Four new checklists for its Strong for Surgery Program

Surgical teams now have four new tools to help them improve outcomes for their patients in the form of screening checklists from the American College of Surgeons (ACS) Strong for Surgery program (S4S). The four common risk areas targeted address the following issues:
Delirium – The recognition and treatment of delirium is critically important because postoperative delirium is associated with poor outcomes including functional decline, longer hospitalization, institutionalization, greater costs, and higher mortality. Studies have shown that age, alcohol abuse, poor cognitive and physical functioning, and abnormal laboratory values have been associated with delirium. High-risk patients identified for exhibiting some of the risk criteria can be candidates for interventions designed to prevent or reduce the impact of postoperative delirium.
Prehabilitation – Cognitive, gait, balance, and nutritional and functional impairments place patients at higher risk of perioperative and postoperative complications. Prehabilitation is an opportunity to help patients return quickly to the highest level of functioning possible after operation, thereby reducing surgery‐related morbidity and/or mortality, decreasing the length of stay in hospital and rehabilitation, and reducing readmissions.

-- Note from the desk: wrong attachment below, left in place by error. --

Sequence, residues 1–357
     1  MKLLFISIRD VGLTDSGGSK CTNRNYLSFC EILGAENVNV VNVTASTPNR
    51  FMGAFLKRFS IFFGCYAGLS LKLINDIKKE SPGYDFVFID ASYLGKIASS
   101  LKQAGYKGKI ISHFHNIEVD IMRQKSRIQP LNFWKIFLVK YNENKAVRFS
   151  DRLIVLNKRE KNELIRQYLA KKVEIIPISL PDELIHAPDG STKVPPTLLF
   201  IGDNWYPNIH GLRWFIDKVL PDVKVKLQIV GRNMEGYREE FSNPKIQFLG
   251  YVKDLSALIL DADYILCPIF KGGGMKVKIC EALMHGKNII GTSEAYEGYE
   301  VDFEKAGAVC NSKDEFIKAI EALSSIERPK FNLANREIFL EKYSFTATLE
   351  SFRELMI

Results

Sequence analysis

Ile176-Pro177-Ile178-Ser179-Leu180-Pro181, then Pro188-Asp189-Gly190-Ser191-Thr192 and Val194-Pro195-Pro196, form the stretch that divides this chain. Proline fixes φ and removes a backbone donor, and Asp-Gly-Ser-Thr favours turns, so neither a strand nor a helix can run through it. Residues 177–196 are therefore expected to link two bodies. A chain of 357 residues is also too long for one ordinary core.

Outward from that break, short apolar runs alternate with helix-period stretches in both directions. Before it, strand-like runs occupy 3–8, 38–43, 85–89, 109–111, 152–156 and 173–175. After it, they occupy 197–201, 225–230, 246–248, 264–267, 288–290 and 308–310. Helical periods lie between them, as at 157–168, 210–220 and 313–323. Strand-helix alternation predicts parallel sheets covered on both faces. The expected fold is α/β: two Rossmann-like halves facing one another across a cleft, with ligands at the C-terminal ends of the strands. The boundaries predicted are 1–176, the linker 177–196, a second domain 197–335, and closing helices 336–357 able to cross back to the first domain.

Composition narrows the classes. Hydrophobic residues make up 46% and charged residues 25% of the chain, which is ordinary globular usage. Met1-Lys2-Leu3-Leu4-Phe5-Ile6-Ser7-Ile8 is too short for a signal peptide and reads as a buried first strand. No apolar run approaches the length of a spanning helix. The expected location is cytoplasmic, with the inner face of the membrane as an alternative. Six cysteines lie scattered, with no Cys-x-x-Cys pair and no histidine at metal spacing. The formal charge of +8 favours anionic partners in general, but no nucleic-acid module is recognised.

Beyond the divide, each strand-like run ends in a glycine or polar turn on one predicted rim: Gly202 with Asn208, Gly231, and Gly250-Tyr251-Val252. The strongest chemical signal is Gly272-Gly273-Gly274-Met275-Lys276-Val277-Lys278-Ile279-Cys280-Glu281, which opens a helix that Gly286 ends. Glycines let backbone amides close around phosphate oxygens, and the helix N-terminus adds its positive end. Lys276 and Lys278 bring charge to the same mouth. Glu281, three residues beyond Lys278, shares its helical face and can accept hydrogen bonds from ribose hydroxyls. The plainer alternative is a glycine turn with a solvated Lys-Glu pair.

Pain Management – Unrelieved pain can result in longer hospital stays, increased rate of readmission, increased outpatient visits, and decreased ability to function fully. To ensure safe, effective pain management after the surgical procedure, it is recommended that patients receive counselling prior to their operations about pain management options. Presurgery counselling with patients that involves expectation setting, potential adverse effects, and the use of non-prescribed medication for pain relief can help patients set realistic goals for recovery.
Patient Directives – An important aspect of patient safety is patient education. Patient education before surgery helps minimize presurgery anxiety related to the operation itself. During this time, discussion referencing the financial burden, post-procedure pain, surgical risks and the necessity of the procedure are also important. The patient should feel supported in the preoperative period and should be encouraged to express his or her feelings about the surgical experience.Checklists, which are the cornerstone of S4S, are integrated into the preoperative phase of clinical practice for elective operations by surgeons and surgical staff. By screening patients for potential risk factors that can lead to surgical complications, these checklists open the door for appropriate interventions to ensure better outcomes for patients. Global research has shown that use of a checklist improves patient optimization for an operation and helps ensure that important aspects of care are followed for each case.“Strong for Surgery brings a well-researched presurgery checklist to surgeons’ offices to help with patient education, communication, and standardization of best practices to improve clinical outcomes.  A patient’s risk of negative outcomes from an operation can be improved by using best practices to prepare them for an operation, and we’re starting to see study results where these checklists have helped to do just that,” said Dr. Varghese.
American College of Surgeon